The Hidden Veggie’s Lemon Meringue Pie: This meringue method was brought to my attention from Lacey, the fantastic recipe developer behind Avocado and Ales (famous for her vegan mozza and chickwheat!). My recipe uses slightly different measurements (also less sugar overall) and I wanted a lighter texture. But the Italian meringue with agar agar is genius and I must give HUGE props to Monica for sharing her recipe for this method!
Graham Cracker Crust
- 1.5 cups vegan graham cracker crumbs
- 1/4 cup packed brown sugar
- 5 tbsp vegan butter, melted
For the lemon curd filling
- 1 cup sugar
- 4 medium/large lemons, zested and juiced
- 3/4 cup lemon juice (from above)
- 1.5 cups plant milk (I used soy)
- 6 tbsp cornstarch
- Pinch of salt
- 1 tsp coconut oil
- Pinch of ground turmeric (adjust to get the colour of your liking)
For the agar agar sugar syrup
- 1/3 cup water
- 1/2 tsp agar agar powder
- 1/2 cup sugar
- 1/3 cup reduced aquafaba (for best results, chill in the mixing bowl in the fridge. It should have the texture of a loose jelly when chilled)
- 1/4 tsp cream of tartar
- Agar agar sugar syrup (above)
Graham Cracker Crust
- Preheat oven to 350F (180C).
- To make the crust, combine graham cracker crumbs, brown sugar, and melted butter and mix until it has the texture of a moist sand. It should clump together when you squeeze some in your hand.
- Press into a pie pan (I used a 9 inch standard glass one) and press the mixture up the sides. Feel free to use the bottom of a glass to flatten the base of the pie crust.
- Bake the crust for 8-10 minutes, you'll see the edges of the crust brown. Remove from oven and let cool while you prepare the filling.
Lemon Curd Filling
- In a small pot, add your sugar. Zest the lemons over the pot to catch all the oil and zest, and mix the zest into the sugar well to get all that extra lemony flavour.
- Add lemon juice (measure and use 3/4 cup), 1.5 cups plant milk, cornstarch and a pinch of salt.
- Heat over medium and whisk constantly until cornstarch cooks and thickens the curd. It should have a nice and thick texture.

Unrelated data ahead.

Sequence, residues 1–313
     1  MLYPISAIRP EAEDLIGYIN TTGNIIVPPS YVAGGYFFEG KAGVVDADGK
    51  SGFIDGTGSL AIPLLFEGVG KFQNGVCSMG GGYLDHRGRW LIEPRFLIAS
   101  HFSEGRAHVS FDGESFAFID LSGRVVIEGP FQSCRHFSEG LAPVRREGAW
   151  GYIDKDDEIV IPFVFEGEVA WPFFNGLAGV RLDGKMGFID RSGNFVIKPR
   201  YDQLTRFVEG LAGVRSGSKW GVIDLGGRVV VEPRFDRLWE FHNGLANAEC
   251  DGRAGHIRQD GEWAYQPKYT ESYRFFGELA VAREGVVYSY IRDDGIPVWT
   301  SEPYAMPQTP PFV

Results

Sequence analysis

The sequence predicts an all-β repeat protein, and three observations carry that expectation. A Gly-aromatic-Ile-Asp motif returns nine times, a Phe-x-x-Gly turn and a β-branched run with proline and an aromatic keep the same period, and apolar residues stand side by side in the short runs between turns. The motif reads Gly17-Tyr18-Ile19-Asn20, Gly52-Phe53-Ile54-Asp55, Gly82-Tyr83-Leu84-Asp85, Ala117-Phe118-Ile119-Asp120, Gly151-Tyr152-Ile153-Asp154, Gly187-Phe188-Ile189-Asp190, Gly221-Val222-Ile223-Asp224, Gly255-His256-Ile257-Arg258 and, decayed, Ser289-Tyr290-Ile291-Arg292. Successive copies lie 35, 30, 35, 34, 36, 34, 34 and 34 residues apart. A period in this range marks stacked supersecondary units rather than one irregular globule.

- Turn off the heat and whisk in coconut oil and ground turmeric until well incorporated.
- Pour onto the prepared graham cracker crust, then let cool while you prepare the meringue.
- In a clean, small pot, combine water and agar agar. Allow to bloom while you whip the aquafaba.
- Using the chilled aquafaba in the chilled mixing bowl, add cream of tartar and whip with an electric mixer or stand mixer until foamy and stiff peaks form. This should take about 5-10 minutes. Set aside.
- Bring the pot of agar and water to a boil, and cook for about 1-2 minutes. Then add sugar and stir to dissolve. Cook until sugar is melted and the mixture sets if you dab a bead of the liquid onto a cutting board/plate. If the bead sets like a jelly immediately, turn off the heat and immediately drizzle into the aquafaba meringue, whisking constantly to slowly incorporate the agar sugar syrup.
- Once everything is incorporated, beat the meringue is smooth and glossy, and you get soft peaks. The meringue should still be warm. Add over the cooling lemon curd and use a spoon to create little peaks. Work quickly because the agar agar will set the meringue as soon as it cools.
- Using a kitchen torch or under the broiler, toast the top of the meringue to get beautiful, toasted peaks!
- Chill in the fridge to fully set the curd filling, at least 2-3 hours. Then slice and enjoy!